Our Take: Deap Vally Roars in Femejism

Deap Vally © Koury Angelo

Our Rating

RIYL: The White Stripes, Bleached, Drenge, The Black Keys, Hinds, Nirvana

I am going out to play, and you don’t really have no say

Rock is back with Deap Vally. Not that rock ever left — but rock that’s unafraid of social critique is back in full force in the group’s latest album, Femejism (released 9/16/16 via Nevado Music). Made up of Lindsey Troy and Julie Edwards, the LA duo’s sophomore album is even more than just that — it’s a veritably unafraid explosion of unadulterated rock.

Femejism - Deap Vally

Femejism – Deap Vally

As Deap Vally is a rock band who actively labels themselves as feminists, it’s important to note that Deap Vally is not “just feminist rock.” It’s incredibly irritating that “feminist,” a label meant to liberate, is one used to keep Deap Vally in a box (i.e. “They’re just feminist rock and that’s why they’re successful” or “All feminist rockers do is sing about feminism”). The use of “feminist” as a derogatory label is not a reflection on the band or on feminism itself — both of which champion a woman being able to do whatever she wants.

The use of “feminist” as a label that would write off a band’s work — and having to take several paragraphs to explain that it being used as such is wrong — speaks more to the fact that mainstream rock n’ roll, which throughout its history has prided itself on standing up to authority and challenging norms, can be hypocritically narrow-minded in its attempts to include (and even respect) women and people of color. So rather than use feminist as a modifier, let’s actually focus on it as a descriptor, rather than a reductive, singular label (i.e. “Deap Vally’s rock is gritty, loud, feminist, and unapologetic”). And to borrow the band’s own words directed to those who would criticize both their stance on women’s rights and their prowess as rockers (as stated in “Smile More”):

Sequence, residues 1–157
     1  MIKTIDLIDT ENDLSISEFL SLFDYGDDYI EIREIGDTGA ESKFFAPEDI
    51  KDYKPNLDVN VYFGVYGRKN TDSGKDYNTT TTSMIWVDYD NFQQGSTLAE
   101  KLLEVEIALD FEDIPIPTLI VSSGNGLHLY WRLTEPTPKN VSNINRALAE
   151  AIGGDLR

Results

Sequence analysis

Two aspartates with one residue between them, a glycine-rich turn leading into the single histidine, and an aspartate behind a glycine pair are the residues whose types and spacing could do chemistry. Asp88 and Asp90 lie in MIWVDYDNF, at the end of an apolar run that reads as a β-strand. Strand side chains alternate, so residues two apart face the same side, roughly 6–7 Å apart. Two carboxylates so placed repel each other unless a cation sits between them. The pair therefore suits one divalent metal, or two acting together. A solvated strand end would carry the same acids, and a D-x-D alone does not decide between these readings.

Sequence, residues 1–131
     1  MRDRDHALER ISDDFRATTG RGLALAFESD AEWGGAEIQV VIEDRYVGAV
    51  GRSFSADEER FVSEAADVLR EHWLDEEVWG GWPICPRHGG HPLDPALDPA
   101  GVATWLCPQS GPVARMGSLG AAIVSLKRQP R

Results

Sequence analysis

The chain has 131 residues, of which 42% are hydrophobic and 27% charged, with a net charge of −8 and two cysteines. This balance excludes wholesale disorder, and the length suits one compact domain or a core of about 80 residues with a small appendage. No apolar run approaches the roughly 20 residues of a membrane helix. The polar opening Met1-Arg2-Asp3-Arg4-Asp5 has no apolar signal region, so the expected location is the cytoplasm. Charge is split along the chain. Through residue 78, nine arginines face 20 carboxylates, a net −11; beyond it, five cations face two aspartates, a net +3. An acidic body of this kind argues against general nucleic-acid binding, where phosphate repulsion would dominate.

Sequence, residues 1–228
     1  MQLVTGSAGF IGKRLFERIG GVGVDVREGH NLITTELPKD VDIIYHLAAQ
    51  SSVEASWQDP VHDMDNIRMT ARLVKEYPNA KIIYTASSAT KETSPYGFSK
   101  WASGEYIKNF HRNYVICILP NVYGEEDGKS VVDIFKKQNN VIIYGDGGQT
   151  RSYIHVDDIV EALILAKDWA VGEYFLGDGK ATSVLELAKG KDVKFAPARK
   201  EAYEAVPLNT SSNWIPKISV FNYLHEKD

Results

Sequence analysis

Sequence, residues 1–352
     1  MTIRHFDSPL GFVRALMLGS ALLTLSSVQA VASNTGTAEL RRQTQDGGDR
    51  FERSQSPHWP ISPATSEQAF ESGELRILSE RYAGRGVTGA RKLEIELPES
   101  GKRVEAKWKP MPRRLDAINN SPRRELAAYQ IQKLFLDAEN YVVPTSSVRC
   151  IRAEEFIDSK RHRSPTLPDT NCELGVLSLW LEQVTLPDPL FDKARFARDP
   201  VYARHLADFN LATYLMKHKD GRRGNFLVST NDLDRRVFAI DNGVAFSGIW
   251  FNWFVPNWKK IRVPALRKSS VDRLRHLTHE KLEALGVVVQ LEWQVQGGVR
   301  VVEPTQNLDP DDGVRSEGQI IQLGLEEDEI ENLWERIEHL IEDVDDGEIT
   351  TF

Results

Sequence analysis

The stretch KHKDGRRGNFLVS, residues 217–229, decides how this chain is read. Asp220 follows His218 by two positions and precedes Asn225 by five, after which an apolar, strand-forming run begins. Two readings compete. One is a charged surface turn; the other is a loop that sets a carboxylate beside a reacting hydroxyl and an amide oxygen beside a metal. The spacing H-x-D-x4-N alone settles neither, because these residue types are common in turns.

And yes, I am a feminist
But that isn’t why I started doing this

Now that everyone’s on the same page regarding women and rock, it’s safe to say that Femejism is the LA duo’s kick back—at trolls, at sexism, and at a variety of other things. The album’s title, a subtle double entendre playing on the word “feminism” itself, is just a hint of what’s inside. Unabashed lyrics layered over heavy guitar and burst-your-ears-out drums show Troy and Edwards doing what rock was meant to do all along—challenge the status quo.

“Royal Jelly” is the kind of screaming kickoff tune rock n’ roll albums are meant  to start with. The heavy drums and riffs (slightly reminiscent of T. Rex banger “Children of the Revolution”) place Deap Vally staunchly, unapologetically in center of the rock cabinet.  “Royal Jelly” effectively turns the subject of the hustle to make it into a slammer with a chorus that Metallica would envy and properly acquaints listeners with just who Deap Vally are.

If you wanna be queen bee
then you better make honey
If you wanna be Miss Thing
then you better start hustling

More so, “Royal Jelly” welcomes listeners along for Femejism’s ride—but gives a full tongue-in-cheek disclaimer with Troy’s line: “Going straight to the top but you might queasy/All that glitters, you see, may not be gold but it sure is shiny.”

Watch: “Royal Jelly” – Deap Vally


Deap Vally abruptly (but not messily) switches topics in “Julian,” which (sorta) apologizes to that poor sap that it’s just not working out with. Troy’s vocals border on playful, repeating “I’m so sorry, Julian,” in a sorry-not-sorry, kind of sorry, reverb-soaked goodbye.

“Gonnawanna” is a declaration of freedom and a tongue-in-cheek criticism of our social-media-oriented society—especially when it comes down to the over-analyzing likes and wondering what about us is wrong (i.e. did I look fat in that crop top? Was it too revealing? Wait—why do I care?). The accompanying music video further challenges viewers to rock who they are and make no apologies. And better than that, Femejism’s message is summed up in one line of Troy’s rapid-fire vocals:

I am going out to play
and you don’t really have no say

Watch: “Gonnawanna” – Deap Vally


You’re going to want to skip “Little Baby Beauty Queen” if you’re a pageant mom, because you’re next on Deap Vally’s list. This is Troy and Edwards at their hardest—Edwards’ drumming, coupled with Troy’s riffs that would make Jimmy Page weep with joy and shredding shriek of “Beauty queen,” are at the top of their game in this slammer.